Despite U.S. market fears over oil, Netflix surpassed analysts’ expectations in its Q1 earnings report.
The company reported revenues of US$5.77 billion [AUS$9.11 billion], earnings per share of US$1.57, and 15.77 million new subscribers.
According to CNBC, the company noted that the jump in subscriber numbers was directly attributed to the coronavirus pandemic which compelled people to stay in their homes.
In the same letter, the company also mentioned how the coronavirus crisis continues to impact its business:
- First, temporarily higher viewing and increased membership growth due to home confinement;
- second, a forecast of a decrease in international revenue growth caused by the U.S. dollar appreciation;
- and last, suspension of productions across the world in response to government lockdowns and guidance from local public health officials.
Cord-cutting in live sports causes influx
Sports such as the National Basketball Association (NBA) and National Hockey League (NHL) have suspended their seasons due to the ongoing coronavirus pandemic.
This has reportedly caused a surge in cord-cutting, where subscribers cancel subscriptions to multiple channels in favor of other options, such as streaming services.
With the subscriptions in streaming sites doubling primarily due to home quarantine, Ben Silverman, CEO and chairman of production company Propagate, commented on the lack of sporting events, telling CNBC:
“The longer that we don’t have sports, the more accelerating the cord-cutting will be […] I think the sports was what was having people hold on to their traditional packages, and without it they’re discovering a lot of entertainment choices in streaming and at lower costs.”
Silverman also added that reruns will dry up a certain point as subscribers may have to wait longer for new shows to come out because of production delays.
However, according to Netflix CEO Reed Hastings, the sudden surge in “viewership and subscriber growth” is likely temporary. The numbers are expected to slow down once the coronavirus restrictions are lifted.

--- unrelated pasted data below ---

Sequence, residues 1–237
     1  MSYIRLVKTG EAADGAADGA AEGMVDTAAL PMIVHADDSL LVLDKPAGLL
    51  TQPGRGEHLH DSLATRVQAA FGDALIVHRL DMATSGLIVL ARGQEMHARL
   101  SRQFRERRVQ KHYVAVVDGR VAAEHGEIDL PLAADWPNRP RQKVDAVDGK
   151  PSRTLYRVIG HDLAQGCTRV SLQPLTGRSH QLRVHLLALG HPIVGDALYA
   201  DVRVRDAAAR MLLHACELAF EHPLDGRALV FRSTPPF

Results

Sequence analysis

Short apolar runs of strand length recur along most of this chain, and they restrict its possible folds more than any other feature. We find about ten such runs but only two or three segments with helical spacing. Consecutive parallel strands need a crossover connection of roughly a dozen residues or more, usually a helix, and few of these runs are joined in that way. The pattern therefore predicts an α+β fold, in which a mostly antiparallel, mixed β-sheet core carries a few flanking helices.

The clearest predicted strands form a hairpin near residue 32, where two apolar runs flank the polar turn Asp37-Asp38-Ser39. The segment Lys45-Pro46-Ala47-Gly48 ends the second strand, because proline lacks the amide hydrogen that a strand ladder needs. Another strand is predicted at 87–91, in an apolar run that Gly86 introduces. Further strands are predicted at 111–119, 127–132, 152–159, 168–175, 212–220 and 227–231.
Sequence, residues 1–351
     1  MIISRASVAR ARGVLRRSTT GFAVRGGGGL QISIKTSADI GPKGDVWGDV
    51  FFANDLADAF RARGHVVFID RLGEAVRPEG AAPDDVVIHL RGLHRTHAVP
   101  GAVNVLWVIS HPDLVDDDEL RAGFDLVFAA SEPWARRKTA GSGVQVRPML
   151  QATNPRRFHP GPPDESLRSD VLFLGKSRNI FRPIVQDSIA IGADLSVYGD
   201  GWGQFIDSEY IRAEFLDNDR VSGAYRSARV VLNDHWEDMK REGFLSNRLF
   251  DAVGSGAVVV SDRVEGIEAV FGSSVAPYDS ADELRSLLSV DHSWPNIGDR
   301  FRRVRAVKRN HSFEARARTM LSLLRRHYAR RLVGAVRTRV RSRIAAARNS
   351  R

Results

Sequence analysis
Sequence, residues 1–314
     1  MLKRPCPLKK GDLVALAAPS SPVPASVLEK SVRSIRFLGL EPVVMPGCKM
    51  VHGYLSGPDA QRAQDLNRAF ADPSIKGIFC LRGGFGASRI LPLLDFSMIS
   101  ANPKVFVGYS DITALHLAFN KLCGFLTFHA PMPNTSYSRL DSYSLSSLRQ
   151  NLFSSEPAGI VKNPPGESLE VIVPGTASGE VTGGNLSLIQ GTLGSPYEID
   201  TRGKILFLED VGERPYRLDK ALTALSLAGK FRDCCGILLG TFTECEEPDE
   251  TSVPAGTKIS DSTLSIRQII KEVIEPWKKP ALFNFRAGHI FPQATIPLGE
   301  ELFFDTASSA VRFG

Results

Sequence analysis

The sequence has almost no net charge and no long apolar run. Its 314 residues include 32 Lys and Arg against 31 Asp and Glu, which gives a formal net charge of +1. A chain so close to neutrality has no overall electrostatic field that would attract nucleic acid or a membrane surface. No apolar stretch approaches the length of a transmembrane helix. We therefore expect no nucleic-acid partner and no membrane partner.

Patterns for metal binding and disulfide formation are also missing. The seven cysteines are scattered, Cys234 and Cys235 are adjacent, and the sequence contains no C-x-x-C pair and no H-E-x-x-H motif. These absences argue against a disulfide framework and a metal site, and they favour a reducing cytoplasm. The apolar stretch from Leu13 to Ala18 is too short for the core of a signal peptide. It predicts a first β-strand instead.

Other companies’ earnings may influence Dow Jones
Aside from Netflix, many other companies reported significant movements in their stocks. These include the following:
- Snap — the social media platform’s shares flew 18%.
- Chipotle Mexican Grill — this restaurant chain’s shares went up 4%.
- Texas Instruments — the semiconductor industry’s stock jumped 2% in extended trading after beating analysts’ estimates. TI reported revenues of $3.33 billion, versus the $3.17 billion analysts’ forecast, according to Refinitiv.
On the other hand, there were also stocks in extended trading hours that did not respond well mostly based on its first-quarter earnings report:
- Interactive Brokers Group — this electronic broker company dropped 6% after reporting its first-quarter financials with a revenue of $532 million, versus the analysts’ expected $563 million, according to Refinitiv.
- United Airlines — the shares dipped 2% after it announced a stock offering as an additional measure the company is taking to offset the negative impact of COVID-19, creating chaos on the travel industry.
- Navient — the asset management company’s stock fell 3% after it reported first-quarter financial results, with a posting first-quarter net interest income of $132 million. This data is compared to Factset’s data of $146 million from the same period a year ago.